When borrowers fail to repay their loans, loan sharks take them to court accusing the borrowers of not clearing complications over ownership of their properties to transfer to the borrower. Once the court accepts the case, the parties resort to annexe mediation which could later be accepted by the courts.
The amount of money increases after the mediation. This is because the loan shark adds up all the interest amount taking advantage of the situation. Based on the agreement, the court then issues the order specifying the time of repayment.
Monetary cases demand in-depth investigation
Meanwhile, victims or borrowers accept their mistakes of involvement in illegal money lending. But they cannot submit the truth to the court since they need the money. Borrowers are left with no options but to agree to the terms and conditions dictated by the lenders.
In a recent case, the district court dismissed a case after knowing that the sales deed was faked. The borrower had submitted evidence of audio recordings and evidence proving the money she borrowed was on the pretext of property transaction. “The recordings also indicated that one or two lenders are using the black money financed from outside the country to lend us with high-interest rates,” one victim claimed.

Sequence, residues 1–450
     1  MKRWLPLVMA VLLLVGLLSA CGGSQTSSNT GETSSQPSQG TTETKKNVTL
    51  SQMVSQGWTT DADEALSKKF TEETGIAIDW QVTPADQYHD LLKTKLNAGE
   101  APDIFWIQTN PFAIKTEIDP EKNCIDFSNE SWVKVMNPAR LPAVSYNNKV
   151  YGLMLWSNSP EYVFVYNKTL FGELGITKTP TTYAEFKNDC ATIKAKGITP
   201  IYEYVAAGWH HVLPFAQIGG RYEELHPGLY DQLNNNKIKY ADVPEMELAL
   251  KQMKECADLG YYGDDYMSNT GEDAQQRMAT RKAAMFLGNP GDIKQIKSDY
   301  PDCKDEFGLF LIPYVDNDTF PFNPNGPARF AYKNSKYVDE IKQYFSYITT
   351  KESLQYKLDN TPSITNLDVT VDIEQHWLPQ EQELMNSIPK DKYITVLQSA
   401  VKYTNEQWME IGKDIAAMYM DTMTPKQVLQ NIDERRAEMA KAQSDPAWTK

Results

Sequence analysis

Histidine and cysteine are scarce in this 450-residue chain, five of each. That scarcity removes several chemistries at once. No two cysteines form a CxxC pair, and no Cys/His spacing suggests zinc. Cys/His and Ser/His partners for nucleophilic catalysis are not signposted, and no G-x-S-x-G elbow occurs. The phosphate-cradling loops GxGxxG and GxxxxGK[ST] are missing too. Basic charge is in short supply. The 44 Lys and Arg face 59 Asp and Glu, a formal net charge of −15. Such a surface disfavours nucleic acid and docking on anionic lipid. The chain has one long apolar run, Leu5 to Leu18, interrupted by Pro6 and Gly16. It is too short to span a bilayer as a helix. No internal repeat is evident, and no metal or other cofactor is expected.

The Supreme Court in early this year penalised both the lender and borrower embroiled in a private money lending case involving Nu 1.2M and imposed hefty fines after establishing the agreement between the parties drawn on the pretext of the land transaction was actually for private money-lending.
The highest appellate court, for the first time, overturned the judgments of the lower courts and seized the principal amount. The court ordered the principal amount to be deposited to the government coffer.
Some victims pointed out that the courts should study the case properly including authenticating evidence of taxes paid before accepting monetary cases. Another said that if the transaction amount is huge, the court should direct RMA and Department of Revenue and Customs (DRC) to ascertain lenders’ source of income and tax details.
In an earlier interview, one judge had said that the money lending cases are complex, as parties execute agreements deceptively and put courts in a fix. He also said that if courts consider the agreement null and void, the borrower is going to benefit. “If we accept the agreement, we would be legalising money-lending cases. Justice is about protecting rights,” he had said.
One victim said that she paid Nu 4.9M in interest for Nu 10M she borrowed from the Olakha lender for a period of seven months. “I will go to RMA and find out whether she paid taxes or not,” she told Kuensel.